Every year at this time, the Clark Lake Yacht Club holds a regatta.  It’s an event that draws expert sailors to Clark Lake from all over, and even has an international flavor with participants from Canada.  Last year, 19 sailboats raced.  This year 29 boats participated, a big boost.  Classes represented are Rebels, Wayfarers, Buccaneers, and Sunfish.

Captains and their crews are getting race instructions from Chief Race Official Neil Robb

Today (Saturday), sailors competed in two back-to-back races.  Conditions were right for competitive spirits to florish. The wind was primarily out of the southwest at 8 to 12 miles per hour.  And unlike some Septembers, the comfort factor worked in everyone’s favor—80 degrees and sun. 

As boats returned to the dock after the second race, a rain shower began.  Some lightning chimed in, and that put an end to the series for the day. The next round begins about 10 am tomorrow.  There may be two races, depending on conditions. 

What differentiated today’s races from some other years, conditions favored taking the race to both ends of the lake.  So, for those viewing from docks or front lawns, not only did east-enders see the action, but also those at the west end. During the entire event, the DamCam was set so you could see the boats at the east end.

Tomorrow, this website will report on the final results.  To understand how the scoring is done, please scroll down to see a short video.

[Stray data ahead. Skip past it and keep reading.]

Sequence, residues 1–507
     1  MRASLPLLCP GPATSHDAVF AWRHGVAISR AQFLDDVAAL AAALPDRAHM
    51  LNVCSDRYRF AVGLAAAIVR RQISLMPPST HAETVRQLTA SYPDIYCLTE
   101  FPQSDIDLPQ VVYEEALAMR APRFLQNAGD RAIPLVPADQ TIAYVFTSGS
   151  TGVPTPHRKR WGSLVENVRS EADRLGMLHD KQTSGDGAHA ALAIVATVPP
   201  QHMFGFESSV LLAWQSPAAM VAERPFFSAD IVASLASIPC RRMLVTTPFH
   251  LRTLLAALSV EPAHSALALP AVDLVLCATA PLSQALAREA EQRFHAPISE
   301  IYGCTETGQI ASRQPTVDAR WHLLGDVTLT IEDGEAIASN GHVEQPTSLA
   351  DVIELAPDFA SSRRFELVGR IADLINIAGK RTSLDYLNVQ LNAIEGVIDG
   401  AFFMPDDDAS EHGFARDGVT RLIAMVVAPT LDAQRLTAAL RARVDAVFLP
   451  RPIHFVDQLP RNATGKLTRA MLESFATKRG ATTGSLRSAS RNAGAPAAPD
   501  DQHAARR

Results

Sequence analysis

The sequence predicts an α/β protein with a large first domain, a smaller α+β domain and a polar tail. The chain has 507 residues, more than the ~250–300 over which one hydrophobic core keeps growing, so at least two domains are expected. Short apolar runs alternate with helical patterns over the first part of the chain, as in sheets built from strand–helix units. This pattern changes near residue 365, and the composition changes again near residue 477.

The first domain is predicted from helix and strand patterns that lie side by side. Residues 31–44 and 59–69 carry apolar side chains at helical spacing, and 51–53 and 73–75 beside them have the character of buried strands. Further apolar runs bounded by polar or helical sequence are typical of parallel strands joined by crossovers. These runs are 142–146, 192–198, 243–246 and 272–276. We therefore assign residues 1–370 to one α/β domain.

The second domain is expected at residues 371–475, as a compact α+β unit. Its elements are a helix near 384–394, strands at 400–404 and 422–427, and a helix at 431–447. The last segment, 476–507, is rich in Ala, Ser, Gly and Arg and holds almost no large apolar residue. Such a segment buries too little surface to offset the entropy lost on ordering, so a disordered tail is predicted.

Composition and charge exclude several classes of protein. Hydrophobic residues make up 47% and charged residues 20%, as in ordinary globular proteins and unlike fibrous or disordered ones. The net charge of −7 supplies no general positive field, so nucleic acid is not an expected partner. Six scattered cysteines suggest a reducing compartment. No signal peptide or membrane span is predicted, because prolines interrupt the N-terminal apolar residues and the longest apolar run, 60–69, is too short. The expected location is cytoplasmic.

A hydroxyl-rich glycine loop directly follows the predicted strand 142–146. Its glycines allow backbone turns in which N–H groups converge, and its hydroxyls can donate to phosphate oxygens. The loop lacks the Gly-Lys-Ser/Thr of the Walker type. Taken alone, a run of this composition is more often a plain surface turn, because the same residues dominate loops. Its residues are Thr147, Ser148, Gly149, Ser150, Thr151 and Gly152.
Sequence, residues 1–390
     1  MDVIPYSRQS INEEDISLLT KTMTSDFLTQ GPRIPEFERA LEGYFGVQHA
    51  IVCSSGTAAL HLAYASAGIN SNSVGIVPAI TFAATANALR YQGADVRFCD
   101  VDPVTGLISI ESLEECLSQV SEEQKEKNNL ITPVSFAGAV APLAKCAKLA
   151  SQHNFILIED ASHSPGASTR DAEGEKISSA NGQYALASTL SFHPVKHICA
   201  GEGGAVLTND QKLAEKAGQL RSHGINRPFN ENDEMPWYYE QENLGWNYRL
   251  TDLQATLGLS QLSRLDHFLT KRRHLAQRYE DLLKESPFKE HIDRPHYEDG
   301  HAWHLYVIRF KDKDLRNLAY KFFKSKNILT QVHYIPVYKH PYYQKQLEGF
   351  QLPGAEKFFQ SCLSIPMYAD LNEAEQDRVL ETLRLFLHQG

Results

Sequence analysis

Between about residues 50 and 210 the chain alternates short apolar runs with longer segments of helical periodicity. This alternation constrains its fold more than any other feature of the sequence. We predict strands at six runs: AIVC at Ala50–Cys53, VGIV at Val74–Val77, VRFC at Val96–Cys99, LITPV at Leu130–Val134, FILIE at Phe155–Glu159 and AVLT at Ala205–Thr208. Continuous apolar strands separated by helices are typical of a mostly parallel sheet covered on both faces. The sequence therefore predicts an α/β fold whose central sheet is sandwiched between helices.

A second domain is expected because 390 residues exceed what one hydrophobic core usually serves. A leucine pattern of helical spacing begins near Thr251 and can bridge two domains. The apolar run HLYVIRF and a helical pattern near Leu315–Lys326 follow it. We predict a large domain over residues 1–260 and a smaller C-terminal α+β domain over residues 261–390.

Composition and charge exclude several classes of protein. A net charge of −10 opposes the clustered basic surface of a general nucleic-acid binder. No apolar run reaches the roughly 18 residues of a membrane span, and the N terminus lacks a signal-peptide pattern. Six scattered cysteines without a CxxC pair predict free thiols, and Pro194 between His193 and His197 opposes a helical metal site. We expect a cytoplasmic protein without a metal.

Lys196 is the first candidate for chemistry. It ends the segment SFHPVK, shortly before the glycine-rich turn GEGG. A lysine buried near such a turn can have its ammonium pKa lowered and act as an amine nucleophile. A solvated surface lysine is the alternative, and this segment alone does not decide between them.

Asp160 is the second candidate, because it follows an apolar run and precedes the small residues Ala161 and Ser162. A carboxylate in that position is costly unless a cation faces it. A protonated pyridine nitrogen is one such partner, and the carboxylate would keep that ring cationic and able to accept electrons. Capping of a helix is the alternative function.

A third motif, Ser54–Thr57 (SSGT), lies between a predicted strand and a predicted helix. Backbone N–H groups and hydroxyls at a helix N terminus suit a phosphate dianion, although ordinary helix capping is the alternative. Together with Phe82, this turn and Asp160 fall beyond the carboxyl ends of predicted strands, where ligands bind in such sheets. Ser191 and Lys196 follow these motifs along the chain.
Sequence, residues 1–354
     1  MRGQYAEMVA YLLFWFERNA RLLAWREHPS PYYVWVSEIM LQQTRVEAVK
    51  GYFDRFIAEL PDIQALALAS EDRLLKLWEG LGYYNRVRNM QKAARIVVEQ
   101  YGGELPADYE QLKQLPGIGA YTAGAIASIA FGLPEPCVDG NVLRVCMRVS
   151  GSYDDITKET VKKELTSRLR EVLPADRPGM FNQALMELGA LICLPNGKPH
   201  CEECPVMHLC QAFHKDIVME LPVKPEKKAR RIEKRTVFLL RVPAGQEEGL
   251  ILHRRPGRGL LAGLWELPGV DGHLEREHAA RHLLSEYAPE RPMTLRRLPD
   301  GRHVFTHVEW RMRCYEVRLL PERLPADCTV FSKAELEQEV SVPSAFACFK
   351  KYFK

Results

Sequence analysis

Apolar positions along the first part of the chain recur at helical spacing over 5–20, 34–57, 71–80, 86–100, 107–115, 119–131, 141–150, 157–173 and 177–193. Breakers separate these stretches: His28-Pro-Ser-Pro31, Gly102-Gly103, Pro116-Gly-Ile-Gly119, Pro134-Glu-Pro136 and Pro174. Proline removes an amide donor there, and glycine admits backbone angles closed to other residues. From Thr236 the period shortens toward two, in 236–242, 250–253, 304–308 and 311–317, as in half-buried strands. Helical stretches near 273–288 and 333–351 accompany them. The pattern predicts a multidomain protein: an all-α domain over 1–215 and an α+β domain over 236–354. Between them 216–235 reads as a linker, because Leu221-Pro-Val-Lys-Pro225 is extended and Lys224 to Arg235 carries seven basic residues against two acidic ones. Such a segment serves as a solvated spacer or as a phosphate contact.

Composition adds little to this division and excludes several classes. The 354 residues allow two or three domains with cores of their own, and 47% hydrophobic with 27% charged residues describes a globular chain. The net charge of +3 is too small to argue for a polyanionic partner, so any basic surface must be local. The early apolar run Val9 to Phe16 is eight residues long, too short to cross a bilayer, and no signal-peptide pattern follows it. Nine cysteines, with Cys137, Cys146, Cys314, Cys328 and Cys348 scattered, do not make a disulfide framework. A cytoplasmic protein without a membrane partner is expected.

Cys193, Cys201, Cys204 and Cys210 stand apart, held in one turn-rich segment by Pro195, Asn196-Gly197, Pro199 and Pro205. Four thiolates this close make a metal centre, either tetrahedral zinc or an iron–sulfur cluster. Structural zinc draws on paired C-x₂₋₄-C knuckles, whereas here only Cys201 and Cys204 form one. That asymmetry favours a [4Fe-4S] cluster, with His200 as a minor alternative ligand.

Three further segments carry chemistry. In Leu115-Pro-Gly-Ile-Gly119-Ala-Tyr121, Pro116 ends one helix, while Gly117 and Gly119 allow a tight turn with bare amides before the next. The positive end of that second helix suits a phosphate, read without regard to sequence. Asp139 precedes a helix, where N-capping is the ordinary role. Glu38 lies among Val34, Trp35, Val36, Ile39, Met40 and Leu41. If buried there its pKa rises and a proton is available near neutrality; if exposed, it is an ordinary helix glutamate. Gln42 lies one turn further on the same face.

Sailors on the shore are some of the nicest people you would ever meet.  When they take to the water and aim for the prize, they put on their game face.  Tense moments can occur, typically at the start, rounding the markers, and at the finish.  If you think big city traffic is a challenge, consider being just inches from several other boats, all vying for the same position.  Collisions aren’t unheard of, and you can hear expletives not found in the dictionary.  Some of these photos show boats within swearing range, and others show them out on the course.

The committee raft is in charge of the race.  On board were the statisticians, Hugh Harris and his wife, Helen, and Neil Robb, chief race official.

There are others who are also involved, including the support boat.  Bill Kindt and Chris Eder were on board.

How do you win a sailboat race?  Watch this short video to find out.

Sailing is more complicated that starting a motor on a raft or boat.  So what is it that attracts people to this sport?  At last year’s regatta, these competitors spoke from the heart.

Photos and videos:  Rick Belcher